The California Department of Fish and Wildlife (CDFW) recently learned Hot Creek Hatchery near Mammoth Lakes has tested positive for the parasite that causes whirling disease. Whirling disease was detected in wild trout populations in Inyo and Mono Counties more than 30 years ago. Therefore, continued fish stocking in these and other waters already known to have the whirling disease parasite should have little or no effect on those trout populations. Hot Creek, Lake Crowley and the Owens River provide blue ribbon trout fishing despite the presence of whirling disease in these waters.
“We will continue to operate Hot Creek Hatchery with no negative effects on wild fish in Inyo and Mono counties, where Hot Creek Hatchery normally stocks its fish,” said CDFW Fisheries Branch Chief Stafford Lehr.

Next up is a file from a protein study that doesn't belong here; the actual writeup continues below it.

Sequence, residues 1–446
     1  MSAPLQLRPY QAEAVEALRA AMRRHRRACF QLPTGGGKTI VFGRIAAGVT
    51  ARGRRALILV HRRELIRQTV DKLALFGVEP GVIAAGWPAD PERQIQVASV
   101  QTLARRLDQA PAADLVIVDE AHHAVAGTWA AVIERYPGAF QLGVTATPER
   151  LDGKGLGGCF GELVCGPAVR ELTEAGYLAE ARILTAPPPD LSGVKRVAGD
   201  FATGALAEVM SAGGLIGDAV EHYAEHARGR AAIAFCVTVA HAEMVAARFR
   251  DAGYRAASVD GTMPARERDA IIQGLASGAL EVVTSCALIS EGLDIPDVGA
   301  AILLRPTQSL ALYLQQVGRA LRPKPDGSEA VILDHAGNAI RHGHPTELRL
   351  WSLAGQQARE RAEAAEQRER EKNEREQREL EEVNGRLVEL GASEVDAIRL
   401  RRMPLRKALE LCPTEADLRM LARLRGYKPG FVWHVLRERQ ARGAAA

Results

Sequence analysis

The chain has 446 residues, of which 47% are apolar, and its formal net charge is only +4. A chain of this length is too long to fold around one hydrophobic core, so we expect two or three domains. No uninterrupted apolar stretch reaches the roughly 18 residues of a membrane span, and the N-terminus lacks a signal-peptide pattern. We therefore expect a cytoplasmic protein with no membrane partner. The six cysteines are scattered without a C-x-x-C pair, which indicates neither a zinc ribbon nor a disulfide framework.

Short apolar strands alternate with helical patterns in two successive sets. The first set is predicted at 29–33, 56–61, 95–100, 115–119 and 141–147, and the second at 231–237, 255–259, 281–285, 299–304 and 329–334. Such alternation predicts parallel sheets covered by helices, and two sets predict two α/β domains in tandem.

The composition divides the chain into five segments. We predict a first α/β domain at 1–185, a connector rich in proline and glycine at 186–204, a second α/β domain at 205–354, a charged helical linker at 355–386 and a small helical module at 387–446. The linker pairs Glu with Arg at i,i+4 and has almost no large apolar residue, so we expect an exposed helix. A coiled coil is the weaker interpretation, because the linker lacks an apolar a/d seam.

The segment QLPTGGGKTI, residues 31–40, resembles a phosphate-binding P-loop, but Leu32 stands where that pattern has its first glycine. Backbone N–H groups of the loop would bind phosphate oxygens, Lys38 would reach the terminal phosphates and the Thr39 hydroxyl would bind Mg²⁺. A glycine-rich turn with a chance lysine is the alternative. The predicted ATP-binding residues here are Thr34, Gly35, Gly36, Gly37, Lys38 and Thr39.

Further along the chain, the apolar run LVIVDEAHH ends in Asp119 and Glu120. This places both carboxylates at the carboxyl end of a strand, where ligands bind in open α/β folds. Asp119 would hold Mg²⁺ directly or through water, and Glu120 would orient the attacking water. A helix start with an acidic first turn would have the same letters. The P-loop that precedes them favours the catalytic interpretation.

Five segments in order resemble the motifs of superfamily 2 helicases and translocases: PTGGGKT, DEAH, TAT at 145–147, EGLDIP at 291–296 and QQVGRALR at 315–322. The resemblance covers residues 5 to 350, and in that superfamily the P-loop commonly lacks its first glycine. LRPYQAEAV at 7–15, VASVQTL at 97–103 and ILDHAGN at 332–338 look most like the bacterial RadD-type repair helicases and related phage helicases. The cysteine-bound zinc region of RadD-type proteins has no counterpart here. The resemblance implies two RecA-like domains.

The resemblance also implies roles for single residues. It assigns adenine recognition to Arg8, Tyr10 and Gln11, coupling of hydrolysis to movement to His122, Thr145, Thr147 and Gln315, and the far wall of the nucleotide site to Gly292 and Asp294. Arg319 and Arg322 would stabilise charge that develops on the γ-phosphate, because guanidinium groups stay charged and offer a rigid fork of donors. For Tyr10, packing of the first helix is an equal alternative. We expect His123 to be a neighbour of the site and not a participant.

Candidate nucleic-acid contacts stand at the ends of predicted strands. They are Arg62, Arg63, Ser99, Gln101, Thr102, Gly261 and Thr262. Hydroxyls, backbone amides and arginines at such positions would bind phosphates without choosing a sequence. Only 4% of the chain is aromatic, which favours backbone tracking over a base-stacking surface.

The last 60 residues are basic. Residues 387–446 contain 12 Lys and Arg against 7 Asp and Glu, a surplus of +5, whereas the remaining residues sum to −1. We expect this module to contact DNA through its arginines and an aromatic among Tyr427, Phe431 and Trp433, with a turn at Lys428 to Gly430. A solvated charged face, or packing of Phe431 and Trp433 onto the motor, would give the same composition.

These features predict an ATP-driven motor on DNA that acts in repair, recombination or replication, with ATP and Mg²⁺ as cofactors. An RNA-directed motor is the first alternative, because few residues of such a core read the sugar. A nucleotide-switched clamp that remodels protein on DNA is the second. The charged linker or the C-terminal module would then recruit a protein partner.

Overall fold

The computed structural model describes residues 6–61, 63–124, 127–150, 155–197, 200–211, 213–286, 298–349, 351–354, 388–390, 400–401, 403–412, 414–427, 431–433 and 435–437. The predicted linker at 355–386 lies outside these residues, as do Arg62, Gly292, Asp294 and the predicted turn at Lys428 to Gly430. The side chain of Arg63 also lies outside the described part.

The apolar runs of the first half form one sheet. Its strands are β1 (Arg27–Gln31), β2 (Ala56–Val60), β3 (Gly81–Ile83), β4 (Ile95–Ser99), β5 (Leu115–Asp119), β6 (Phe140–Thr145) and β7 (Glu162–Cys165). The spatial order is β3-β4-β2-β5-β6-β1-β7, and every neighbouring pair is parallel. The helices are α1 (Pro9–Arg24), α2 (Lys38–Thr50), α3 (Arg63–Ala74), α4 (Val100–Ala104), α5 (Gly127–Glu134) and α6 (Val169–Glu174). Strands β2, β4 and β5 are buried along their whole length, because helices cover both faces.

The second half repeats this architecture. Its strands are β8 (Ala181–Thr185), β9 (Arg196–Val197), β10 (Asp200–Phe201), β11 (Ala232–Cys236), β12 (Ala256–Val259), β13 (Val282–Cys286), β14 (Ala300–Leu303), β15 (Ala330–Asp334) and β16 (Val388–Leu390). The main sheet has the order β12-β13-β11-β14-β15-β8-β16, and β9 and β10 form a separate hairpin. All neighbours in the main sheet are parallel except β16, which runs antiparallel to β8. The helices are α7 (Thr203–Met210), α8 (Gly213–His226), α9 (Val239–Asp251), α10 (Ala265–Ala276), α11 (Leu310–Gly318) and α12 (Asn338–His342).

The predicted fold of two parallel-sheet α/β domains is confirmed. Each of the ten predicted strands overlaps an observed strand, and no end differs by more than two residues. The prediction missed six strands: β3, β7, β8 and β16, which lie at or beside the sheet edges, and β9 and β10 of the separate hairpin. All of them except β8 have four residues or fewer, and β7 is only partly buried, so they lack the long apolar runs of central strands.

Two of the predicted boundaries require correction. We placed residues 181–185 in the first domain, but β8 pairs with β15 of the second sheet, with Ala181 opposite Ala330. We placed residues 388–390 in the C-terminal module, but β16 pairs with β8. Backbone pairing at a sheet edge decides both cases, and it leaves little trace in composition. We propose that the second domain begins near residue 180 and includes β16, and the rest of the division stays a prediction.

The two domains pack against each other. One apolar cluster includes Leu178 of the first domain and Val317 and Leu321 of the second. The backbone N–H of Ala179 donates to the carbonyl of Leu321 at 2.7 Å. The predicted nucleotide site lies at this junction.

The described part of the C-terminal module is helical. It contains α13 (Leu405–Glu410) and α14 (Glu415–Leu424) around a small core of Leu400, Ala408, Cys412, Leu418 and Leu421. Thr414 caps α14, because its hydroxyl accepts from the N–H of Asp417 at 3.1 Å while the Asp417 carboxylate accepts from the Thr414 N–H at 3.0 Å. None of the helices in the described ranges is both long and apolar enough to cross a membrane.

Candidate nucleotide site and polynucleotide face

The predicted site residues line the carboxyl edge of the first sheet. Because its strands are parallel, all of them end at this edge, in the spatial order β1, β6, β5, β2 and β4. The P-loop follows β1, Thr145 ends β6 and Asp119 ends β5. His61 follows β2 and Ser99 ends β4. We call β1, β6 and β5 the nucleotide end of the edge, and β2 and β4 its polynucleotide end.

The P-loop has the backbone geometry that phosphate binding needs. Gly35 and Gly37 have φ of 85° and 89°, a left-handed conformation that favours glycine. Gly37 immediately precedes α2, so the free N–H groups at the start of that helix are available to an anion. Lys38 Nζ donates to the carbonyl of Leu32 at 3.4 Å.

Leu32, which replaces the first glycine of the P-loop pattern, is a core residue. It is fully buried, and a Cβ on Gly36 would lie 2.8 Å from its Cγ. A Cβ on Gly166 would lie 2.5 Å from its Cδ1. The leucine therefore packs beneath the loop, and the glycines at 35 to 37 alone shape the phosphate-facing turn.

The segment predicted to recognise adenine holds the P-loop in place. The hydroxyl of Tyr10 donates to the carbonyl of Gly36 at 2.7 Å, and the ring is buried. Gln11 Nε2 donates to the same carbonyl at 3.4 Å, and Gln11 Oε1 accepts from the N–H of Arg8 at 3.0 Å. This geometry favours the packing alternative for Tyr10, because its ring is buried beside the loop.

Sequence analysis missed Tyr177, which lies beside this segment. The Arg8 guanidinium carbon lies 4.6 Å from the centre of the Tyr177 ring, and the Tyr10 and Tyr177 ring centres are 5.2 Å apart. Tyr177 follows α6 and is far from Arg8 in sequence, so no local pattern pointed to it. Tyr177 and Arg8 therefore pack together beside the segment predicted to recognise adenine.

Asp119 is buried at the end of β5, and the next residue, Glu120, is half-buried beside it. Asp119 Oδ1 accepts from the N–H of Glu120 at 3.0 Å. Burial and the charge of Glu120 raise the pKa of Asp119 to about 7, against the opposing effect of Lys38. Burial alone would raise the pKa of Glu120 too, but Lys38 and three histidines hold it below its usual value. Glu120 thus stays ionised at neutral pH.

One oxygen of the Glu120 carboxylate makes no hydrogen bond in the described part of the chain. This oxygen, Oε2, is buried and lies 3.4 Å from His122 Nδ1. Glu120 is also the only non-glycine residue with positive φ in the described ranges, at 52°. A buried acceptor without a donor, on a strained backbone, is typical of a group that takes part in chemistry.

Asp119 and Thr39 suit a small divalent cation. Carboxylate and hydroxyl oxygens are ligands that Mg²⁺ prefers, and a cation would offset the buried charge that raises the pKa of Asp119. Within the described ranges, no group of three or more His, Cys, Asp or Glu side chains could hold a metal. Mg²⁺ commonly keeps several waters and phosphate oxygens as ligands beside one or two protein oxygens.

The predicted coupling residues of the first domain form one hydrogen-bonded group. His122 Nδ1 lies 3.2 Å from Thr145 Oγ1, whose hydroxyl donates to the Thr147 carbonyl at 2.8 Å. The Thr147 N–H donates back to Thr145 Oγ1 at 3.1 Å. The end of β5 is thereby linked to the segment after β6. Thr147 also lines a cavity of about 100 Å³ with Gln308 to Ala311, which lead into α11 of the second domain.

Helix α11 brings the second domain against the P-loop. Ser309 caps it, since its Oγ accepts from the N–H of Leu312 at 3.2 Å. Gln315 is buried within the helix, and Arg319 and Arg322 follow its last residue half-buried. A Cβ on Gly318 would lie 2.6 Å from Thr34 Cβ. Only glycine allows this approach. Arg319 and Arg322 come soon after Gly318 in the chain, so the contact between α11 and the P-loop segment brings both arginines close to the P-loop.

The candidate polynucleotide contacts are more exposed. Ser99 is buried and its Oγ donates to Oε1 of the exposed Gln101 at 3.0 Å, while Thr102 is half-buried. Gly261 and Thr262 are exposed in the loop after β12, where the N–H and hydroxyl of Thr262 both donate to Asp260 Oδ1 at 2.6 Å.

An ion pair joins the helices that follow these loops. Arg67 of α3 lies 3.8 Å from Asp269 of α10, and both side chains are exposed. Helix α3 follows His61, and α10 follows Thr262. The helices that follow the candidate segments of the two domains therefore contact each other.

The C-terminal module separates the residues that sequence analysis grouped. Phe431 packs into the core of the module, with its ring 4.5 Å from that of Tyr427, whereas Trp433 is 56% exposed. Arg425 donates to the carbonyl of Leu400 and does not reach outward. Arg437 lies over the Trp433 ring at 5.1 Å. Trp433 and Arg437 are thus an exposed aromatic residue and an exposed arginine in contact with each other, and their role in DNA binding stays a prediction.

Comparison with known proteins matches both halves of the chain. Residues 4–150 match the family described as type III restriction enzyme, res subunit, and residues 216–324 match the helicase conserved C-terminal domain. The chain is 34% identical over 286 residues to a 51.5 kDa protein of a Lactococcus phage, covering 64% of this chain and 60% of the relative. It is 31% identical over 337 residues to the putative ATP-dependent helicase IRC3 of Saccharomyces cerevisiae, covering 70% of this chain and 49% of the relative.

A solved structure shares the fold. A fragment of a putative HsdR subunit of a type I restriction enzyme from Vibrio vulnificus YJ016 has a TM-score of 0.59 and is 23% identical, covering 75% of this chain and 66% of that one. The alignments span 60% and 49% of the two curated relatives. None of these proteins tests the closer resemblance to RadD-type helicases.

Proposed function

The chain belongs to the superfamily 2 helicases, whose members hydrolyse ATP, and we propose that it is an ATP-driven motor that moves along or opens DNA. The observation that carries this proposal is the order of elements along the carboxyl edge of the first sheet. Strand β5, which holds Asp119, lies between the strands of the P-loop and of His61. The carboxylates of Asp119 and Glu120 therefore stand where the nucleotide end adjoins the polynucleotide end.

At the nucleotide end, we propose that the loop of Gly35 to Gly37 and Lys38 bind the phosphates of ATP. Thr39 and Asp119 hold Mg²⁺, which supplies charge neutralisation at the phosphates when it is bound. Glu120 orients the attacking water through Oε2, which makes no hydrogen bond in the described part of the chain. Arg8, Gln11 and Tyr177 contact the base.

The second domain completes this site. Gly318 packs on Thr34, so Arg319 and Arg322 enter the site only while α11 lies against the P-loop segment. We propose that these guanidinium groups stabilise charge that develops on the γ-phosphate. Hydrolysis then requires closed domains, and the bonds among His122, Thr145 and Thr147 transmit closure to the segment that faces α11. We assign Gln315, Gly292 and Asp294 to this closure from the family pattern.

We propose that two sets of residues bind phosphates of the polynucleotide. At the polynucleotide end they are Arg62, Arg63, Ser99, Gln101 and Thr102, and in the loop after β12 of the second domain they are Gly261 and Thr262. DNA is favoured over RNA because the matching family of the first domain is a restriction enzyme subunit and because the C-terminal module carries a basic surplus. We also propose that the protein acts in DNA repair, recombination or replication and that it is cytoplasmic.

Last week, two northern California hatcheries, Darrah Springs and Mt. Shasta, also tested positive for this parasite. Of the 22 hatcheries operated by CDFW throughout the state, only these three have tested positive. The disease was discovered as a result of routine annual checks for fish diseases which are conducted at all CDFW hatcheries.
Whirling disease is caused by Myxobolus cerebralis, a protozoan parasite that destroys cartilage in the vertebral column of trout and salmon. It is fatal or disfiguring to infected trout and salmon but does not affect humans. Fish infected with whirling disease are safe for human consumption.
At this time it is not known how the parasite entered Hot Creek Hatchery waters. The possibility the parasite was transferred to the hatchery from local nearby waters known to have whirling disease is likely, due to current drought conditions that cause wildlife to move to available waters sources. Some species of fish-eating birds can transmit the parasite.
For more information on whirling disease, please visit http://whirlingdisease.montana.edu.